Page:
Perhaps we think that we not not “those” types of people. However, too many times, too many of us only seek God and turn to faith at our very own convenience, when we need something, or when everything else seems to fail. Too many people only seek faith and want to be what they think He needs to be for them, hence ending up idolizing or creating a different version of who He truly is — existing only to serve their needs. Too many of us are still stuck behind our ivory towers of control and powers, our own little built-up kingdom and comfort zone, and we seldomly want to truly go out of our way to truly seek, see, find, and worship God with all of our heart, mind, and soul. Reality often shows that too many people only see or practice their faith on an intellectual, ideological, or nominal level, but they quickly abandon, blame, lose hope, or give up when they do not get their way or when things are out of control. Perhaps the truth can be said that many people might have a mile-long possession of information but only a shallow or limited depth and substance that ground them in times of trials, hardships, crises, and challenges.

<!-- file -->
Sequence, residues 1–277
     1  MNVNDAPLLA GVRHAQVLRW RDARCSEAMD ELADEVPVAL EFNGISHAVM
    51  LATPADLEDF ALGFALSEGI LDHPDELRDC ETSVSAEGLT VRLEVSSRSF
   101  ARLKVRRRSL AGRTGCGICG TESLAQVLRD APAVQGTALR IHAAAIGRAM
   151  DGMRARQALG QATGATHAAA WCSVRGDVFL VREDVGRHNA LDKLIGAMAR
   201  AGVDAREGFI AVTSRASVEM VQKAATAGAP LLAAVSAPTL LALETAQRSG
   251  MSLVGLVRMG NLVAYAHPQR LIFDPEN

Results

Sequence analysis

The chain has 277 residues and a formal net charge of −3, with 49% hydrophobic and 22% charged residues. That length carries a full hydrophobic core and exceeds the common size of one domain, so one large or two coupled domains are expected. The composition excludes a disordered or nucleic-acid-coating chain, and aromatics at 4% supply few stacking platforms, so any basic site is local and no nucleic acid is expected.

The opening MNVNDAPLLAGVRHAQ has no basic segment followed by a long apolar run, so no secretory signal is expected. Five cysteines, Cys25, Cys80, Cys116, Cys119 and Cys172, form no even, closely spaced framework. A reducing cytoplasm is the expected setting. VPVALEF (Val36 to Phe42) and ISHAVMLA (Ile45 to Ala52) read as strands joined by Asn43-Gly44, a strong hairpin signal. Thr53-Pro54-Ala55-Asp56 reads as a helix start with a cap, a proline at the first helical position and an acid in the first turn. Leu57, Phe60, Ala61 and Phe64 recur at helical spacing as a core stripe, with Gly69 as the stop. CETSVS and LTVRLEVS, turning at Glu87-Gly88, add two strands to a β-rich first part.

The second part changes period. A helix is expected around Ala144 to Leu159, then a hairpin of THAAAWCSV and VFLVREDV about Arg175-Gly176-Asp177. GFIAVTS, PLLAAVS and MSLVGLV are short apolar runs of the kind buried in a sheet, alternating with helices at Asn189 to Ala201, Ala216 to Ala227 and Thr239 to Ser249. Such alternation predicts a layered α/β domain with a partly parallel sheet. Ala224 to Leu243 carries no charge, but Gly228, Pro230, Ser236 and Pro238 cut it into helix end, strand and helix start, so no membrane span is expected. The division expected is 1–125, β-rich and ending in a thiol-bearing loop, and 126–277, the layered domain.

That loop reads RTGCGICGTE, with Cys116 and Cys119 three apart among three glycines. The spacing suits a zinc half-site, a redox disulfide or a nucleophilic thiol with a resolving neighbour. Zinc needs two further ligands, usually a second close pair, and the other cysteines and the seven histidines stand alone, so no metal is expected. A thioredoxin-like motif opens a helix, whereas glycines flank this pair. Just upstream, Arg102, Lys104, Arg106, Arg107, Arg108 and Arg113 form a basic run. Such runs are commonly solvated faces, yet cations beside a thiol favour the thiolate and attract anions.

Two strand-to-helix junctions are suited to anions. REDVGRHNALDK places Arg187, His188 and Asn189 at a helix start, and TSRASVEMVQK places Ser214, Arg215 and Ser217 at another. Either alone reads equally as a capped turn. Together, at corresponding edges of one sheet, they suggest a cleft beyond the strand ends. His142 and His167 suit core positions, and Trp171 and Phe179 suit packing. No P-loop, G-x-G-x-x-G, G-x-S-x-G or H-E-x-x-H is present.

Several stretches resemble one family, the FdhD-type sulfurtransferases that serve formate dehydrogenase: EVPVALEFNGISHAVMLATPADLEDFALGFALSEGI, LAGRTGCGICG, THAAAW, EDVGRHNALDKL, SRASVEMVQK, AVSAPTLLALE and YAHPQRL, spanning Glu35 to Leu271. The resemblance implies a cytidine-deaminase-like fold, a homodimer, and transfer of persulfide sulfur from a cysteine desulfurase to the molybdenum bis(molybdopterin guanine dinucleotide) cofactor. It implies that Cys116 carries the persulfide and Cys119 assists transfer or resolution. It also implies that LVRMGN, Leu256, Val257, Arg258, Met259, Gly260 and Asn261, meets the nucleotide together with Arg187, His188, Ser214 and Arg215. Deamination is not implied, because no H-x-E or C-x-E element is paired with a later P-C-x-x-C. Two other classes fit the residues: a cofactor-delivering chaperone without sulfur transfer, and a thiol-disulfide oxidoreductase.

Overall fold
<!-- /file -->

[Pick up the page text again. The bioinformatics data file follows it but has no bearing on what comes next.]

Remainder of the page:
Therefore, I would like to propose four questions to ponder and reflect upon:

  • Are we willing to let go of whatever we have built up or want for ourselves to truly seek, love, and give ourselves to God?
  • Are we stuck behind our own castles and towers, asking God to stoop down to serve and meet our needs, or are we willing to be vulnerable, transparent, humble, and genuine in loving and giving our everything to Him?
  • Are we willing to be our own little dictators of self-centered demands, expectations, and wants, shouting, pouting, hurting, or blaming others when we do not get our way or are we humble enough to learn from the Child King who abandoned and emptied Himself to be with us?
  • Are we willing to exchange everything to hold on to God and to protect this precious, personal, and intimate friendship with Him or are we willing to let go of Him and manipulate everyone or everything in our lives to get what we want?

These are hard questions to answer! However, they are personal questions that require us to seek, discover, fall in love, and be willing to risk everything to protect this precious, eternal, and everlasting relationship with the One who loves us so much that He will do everything to be with us. I pray, we, too, are willing to do everything to love Him with everything that we have.

— (The picture of the character “Grogu” is taken from The Mandalorian television series by Lucasfilm and Walt Disney Studios) —